It's all about rapid propagation of information to the masses. The keywords being rapid and masses.
This is both social media's curse and blessing, after all. It's definitely a double edged sword. On the one hand, our intense desire to get information as fast as possible is satisfied. On the other hand, at what cost? The beauty behind social media is that anyone can become a reporter. The ugly? That information is rarely verified. And even more so, you don't always know that a person that you follow has the right information.
Look around on Twitter, and you'll find a slew of people saying that they got information about the Boston Marathon bombings, the MIT shootings, and the Watertown manhunt well before the mainstream media reported it. And they'd be correct. But look a little deeper, and you'll find that there is an inherent danger that can come of it.
I was following Twitter throughout the entire process and read countless tweets that were labeling the suspects as brown skinned, black, and everything in between. There were some that labeled there being 4 of them. There were some outing the supposed Twitter accounts. There were a lot saying that they were dead.
The problem with nearly all of the above is that it was all wrong.
Getting information rapid and from the masses comes at a cost. And it's a cost that can have problems. There was a period there where anyone of Middle Eastern descent (or appearance) suddenly felt that they were going to be profiled, insulted, and possibly hurt. Think back to 9/11 and the days after. I'm sure it was a very uncomfortable time for Muslims.
So, there's something to be said here that first needs to be absorbed by all: be prudent and practice patience. During that process (and for the rest of your life) practice tolerance.
When you do those 3 things, suddenly any media outlet can be read with scrutiny regardless of whether it's your traditional media outlet or something more social. After all, both have their place in this world.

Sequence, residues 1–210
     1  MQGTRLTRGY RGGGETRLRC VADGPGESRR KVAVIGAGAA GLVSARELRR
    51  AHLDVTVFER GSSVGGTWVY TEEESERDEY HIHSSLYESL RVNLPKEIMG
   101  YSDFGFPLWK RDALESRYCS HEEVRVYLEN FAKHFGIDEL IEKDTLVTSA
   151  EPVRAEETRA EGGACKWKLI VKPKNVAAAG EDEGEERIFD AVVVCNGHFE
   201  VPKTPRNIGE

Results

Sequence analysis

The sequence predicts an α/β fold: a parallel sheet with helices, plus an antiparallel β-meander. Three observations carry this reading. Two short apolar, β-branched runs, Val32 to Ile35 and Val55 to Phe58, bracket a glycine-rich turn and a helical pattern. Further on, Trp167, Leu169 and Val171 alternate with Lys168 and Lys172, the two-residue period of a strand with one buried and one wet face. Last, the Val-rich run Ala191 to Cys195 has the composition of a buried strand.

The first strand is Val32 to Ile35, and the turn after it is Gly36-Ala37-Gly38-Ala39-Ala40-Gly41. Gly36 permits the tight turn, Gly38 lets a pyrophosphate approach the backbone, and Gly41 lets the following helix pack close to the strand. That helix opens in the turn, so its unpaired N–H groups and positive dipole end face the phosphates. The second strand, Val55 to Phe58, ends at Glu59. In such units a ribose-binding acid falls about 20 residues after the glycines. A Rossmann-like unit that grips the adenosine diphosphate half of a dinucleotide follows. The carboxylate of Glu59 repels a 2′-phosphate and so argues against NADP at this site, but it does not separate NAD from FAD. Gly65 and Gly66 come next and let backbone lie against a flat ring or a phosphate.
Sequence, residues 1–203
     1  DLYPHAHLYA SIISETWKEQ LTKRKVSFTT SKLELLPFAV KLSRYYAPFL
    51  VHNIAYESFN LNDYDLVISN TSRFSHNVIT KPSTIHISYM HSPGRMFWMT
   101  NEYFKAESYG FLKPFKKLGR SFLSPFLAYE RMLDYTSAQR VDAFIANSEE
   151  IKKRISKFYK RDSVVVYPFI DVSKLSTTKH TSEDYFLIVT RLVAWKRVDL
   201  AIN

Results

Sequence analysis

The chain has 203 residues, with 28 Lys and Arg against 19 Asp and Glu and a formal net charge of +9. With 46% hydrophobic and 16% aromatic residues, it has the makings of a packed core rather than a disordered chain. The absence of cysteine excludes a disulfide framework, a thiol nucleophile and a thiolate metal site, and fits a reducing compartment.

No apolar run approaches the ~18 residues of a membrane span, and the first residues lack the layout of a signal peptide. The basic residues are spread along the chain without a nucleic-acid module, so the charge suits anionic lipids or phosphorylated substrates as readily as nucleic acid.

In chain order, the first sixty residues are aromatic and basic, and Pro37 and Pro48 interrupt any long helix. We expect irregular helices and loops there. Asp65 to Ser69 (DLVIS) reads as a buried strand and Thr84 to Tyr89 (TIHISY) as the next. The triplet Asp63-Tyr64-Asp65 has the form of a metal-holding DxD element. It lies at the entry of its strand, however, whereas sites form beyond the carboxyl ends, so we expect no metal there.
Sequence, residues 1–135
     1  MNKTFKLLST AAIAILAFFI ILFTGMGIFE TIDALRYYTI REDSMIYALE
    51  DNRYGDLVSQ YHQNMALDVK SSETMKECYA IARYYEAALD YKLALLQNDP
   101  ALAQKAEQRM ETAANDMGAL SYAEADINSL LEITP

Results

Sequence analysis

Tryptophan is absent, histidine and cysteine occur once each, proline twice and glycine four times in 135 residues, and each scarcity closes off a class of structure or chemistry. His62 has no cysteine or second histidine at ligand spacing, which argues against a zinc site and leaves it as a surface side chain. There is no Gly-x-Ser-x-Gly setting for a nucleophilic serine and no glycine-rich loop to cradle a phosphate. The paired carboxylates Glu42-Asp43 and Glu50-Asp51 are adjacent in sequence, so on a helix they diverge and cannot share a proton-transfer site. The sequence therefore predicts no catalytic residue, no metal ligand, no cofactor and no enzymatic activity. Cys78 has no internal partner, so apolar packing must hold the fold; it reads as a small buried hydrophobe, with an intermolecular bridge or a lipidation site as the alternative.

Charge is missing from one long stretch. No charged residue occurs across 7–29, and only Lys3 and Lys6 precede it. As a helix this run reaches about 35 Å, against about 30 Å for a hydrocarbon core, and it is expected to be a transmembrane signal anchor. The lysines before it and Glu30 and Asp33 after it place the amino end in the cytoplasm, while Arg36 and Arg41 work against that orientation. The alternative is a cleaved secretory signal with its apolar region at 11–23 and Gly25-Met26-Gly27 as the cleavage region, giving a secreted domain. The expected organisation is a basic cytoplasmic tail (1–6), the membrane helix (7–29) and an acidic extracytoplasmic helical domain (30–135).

While we're quick to point out the inaccuracies (and some of the unacceptable blunders) of such media outlets as CNN, Fox, etc. we should also be quick to understand that what is said on Twitter isn't exactly accurate either. As a matter of fact, it can often times be more inaccurate.
Remember above. If you followed nothing but Twitter (and signed off at a particular time), you could have woken up thinking that the suspect was dead. Or the suspect was brown skinned. Or that the Boston Police were detaining him.
All of these would be false, and you'd be no better off than someone who read the New York Post and thought Salah Barhoun was one of the Boston Marathon bombers.
What it all comes down to is this: social media doesn't replace traditional media. It merely complements it. At the same time, traditional media isn't the only form of media any longer. People aren't just watching CNN. The perfect example I can give you is this: my wife Sarah was watching MSNBC while I was reading Twitter. You'd think the information would be identical, but often times they were completely different. And often times social media failed us.
But it got it there quicker.
So, practice prudence. Know that you can use both without completely discounting the other. It will go a long way.
The opinions expressed herein are my own personal opinions and do not represent my employer’s view
© Copyright 2012, Stephen Adams